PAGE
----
Success is getting what you want; happiness is liking what you get

Thursday, October 29, 2009

Wairarapa Wildlife

We came across all sorts of wildlife in the Wairarapa last weekend while we were driving around.  We called in to Claireville to check out the facilities at the Motor Camp.  A lovely tranquil lake edged with rushes made a pretty background for the two different species of ducks which paddled serenely across the water.  This cheeky duck was on a mission, she waddled right up to us to see who these visitors were.

DSCF2034 Is this Jemima Puddleduck perhaps?

We then drove on to Mount Holdsworth, set in the Tararua foothills.  This is a very popular tramping area and the car park was packed with people out for the day walking, tramping or staying the night at one of the huts farther up the mountains.  The kowhai trees were in flower and we spotted this kereru (native pigeon) feasting on the blossoms.  He wasn’t the least bit worried about all the people standing under his tree and pointing cameras at him.

PA240112 Kereru feeding in a kowhai tree

We came across a  bit of a road block on the way to Mount Bruce.  A local dairy farmer was moving his large herd of cows to the milking shed, which just happened to be on the other side of the main road.  We slowed the car right down as we carefully edged our way through the herd.

PA240111 Road block in the country

At the Mount Bruce Pioneer Museum we stopped and admired a paddock full of young calves.  These babies hadn’t long been separated from their mothers and were being fed with milk through a “calfaterior”, a strange looking contraption rather like the bowl of a washing machine with a multitude of feeding teats.  The calves were just starting to eat grass but must have thought we looked a motherly bunch as they all came running up to see if we had any milk for them.

DSCF2061 Are you my mother, they seem to be saying

Wednesday, October 28, 2009

Mount Bruce Pioneer Museum

We took a drive up to the Mount Bruce Pioneer Museum, 18 km north of Masterton, in the weekend.  After gathering all sorts of memorabilia for over 37 years, Mr Christensen told us that he has finally stopped collecting, but people still give him items to display.  There is an extensive private collection of restored farm equipment including the oldest tractor in the district, horse-drawn grader, stationary engines, milk delivery truck and a fire engine.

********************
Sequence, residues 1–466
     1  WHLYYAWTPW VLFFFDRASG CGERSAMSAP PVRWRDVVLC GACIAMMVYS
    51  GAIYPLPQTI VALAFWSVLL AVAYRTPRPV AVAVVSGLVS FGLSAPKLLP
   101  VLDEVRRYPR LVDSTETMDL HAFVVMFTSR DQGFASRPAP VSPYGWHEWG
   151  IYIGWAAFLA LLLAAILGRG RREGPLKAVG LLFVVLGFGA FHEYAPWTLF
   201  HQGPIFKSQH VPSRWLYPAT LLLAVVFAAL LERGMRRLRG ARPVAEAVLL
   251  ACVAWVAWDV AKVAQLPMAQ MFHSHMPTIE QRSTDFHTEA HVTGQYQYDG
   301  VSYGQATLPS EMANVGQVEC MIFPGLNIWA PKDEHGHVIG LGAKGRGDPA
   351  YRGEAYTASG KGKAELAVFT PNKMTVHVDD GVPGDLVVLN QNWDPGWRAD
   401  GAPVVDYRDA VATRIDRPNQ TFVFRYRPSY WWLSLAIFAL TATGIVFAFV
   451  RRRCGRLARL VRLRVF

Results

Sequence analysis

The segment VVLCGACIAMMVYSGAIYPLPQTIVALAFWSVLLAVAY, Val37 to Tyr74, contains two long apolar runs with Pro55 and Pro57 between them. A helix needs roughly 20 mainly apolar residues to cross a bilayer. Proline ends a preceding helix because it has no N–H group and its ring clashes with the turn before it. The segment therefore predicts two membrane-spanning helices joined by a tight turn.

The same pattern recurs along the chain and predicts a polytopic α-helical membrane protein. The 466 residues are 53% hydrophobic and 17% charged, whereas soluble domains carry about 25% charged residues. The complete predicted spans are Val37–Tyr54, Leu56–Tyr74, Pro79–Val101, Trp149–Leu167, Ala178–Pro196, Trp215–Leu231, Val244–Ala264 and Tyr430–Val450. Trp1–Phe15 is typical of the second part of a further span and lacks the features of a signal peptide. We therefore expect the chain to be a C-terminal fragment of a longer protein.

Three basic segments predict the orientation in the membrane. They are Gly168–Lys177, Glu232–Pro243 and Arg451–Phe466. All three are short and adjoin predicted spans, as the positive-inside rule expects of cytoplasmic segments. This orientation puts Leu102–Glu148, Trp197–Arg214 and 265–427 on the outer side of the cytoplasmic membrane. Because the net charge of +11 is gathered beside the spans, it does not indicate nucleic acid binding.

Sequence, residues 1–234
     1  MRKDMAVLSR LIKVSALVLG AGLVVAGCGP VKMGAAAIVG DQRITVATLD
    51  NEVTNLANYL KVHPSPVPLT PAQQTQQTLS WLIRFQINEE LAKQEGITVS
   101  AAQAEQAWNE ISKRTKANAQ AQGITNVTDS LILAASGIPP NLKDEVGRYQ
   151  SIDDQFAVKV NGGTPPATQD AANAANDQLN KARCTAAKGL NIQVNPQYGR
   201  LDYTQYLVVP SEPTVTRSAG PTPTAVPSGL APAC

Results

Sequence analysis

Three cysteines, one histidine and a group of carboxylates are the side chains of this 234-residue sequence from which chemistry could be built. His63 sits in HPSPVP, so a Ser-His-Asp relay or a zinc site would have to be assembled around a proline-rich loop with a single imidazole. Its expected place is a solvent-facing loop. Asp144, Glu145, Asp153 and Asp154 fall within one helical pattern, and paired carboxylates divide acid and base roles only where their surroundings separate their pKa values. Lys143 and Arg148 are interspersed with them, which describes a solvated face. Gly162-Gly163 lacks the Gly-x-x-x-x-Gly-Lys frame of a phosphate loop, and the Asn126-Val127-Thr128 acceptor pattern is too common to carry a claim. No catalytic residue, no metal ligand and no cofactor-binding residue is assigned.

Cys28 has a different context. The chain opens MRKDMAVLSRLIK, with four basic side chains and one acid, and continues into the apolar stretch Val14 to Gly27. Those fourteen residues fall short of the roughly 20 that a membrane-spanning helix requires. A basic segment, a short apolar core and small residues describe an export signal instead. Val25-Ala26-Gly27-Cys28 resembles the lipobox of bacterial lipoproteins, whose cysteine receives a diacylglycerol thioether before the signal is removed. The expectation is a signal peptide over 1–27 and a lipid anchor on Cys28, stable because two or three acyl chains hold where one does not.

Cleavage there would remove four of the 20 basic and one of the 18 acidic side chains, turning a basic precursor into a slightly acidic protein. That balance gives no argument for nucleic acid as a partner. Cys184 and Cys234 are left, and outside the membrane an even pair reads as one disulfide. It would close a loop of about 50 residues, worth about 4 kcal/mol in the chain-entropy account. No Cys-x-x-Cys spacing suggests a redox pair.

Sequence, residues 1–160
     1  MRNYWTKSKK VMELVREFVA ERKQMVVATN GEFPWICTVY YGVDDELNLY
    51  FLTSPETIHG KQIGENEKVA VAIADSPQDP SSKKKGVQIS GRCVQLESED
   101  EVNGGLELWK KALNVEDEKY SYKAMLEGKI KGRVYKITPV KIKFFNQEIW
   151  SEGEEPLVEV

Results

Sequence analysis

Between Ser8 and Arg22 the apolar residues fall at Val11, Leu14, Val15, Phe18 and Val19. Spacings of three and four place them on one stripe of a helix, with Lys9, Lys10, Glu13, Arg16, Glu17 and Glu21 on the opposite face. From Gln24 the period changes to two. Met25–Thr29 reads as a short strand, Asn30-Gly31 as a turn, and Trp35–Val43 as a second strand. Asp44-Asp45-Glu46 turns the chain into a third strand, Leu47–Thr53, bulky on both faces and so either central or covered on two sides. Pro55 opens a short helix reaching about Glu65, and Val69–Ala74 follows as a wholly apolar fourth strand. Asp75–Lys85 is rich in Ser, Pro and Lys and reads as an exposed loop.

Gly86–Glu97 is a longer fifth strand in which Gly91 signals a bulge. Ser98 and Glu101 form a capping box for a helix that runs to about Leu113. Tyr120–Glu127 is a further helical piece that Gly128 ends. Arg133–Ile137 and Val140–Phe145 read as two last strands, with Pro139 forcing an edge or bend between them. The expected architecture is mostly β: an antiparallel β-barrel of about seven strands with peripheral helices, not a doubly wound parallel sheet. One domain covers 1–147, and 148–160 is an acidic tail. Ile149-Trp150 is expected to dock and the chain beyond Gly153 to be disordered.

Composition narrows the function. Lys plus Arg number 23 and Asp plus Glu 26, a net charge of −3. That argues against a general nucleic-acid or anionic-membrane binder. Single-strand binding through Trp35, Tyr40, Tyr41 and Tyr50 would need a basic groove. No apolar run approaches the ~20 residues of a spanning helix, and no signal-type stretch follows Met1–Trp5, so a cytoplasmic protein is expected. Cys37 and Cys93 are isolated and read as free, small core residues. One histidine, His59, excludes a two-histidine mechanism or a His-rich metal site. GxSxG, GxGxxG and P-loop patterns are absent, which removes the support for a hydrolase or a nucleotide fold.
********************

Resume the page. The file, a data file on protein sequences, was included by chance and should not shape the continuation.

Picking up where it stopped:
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The worrying thing was that we all recognised many of the items on display – mind you, it was a long time ago since we were all youngsters.  We were serenaded with a song played on an antique wind up record player as we wandered around. There was a large display of butter churns, and the little wooden paddles to make butter balls reminded me of my time staying on a farm where my cousins separated the milk, made the butter, then the butter balls.   Being a young girl, and a townie, I had trouble mastering these country tasks.

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As we walked around the displays it was a matter of, “we had one of those, wonder what happened to it?”  There were washing machines, typewriters, sewing machines, heaps of kitchen items, and an interesting collection of tins and packets from the kitchen of yesteryear.  Some of the early refrigerators had the motor on top, we had never seen fridges quite like this before.  Stacked on a shelf were the wooden crates that our New Zealand cheese and butter was packed in to be shipped overseas.There was a huge collection of meter boxes, and several old telephone systems.  You know the type, where the operator puts the plug into the flashing light.  Then there was the old clothing and household linen, and more books and magazines that you could read in a lifetime. 

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Outside was a display of old tractors and carts in various states of repair.  It was so interesting to see the original timber wheels on some of the older carts.  Who can do this sort of work these days, we wondered?  Making timber wheels must be a dying art.  Robin was interested in the old petrol pumps on display and could remember some of the petrol brands from long ago.  It certainly was a walk down memory lane.

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Monday, October 26, 2009

BBQs and early Halloween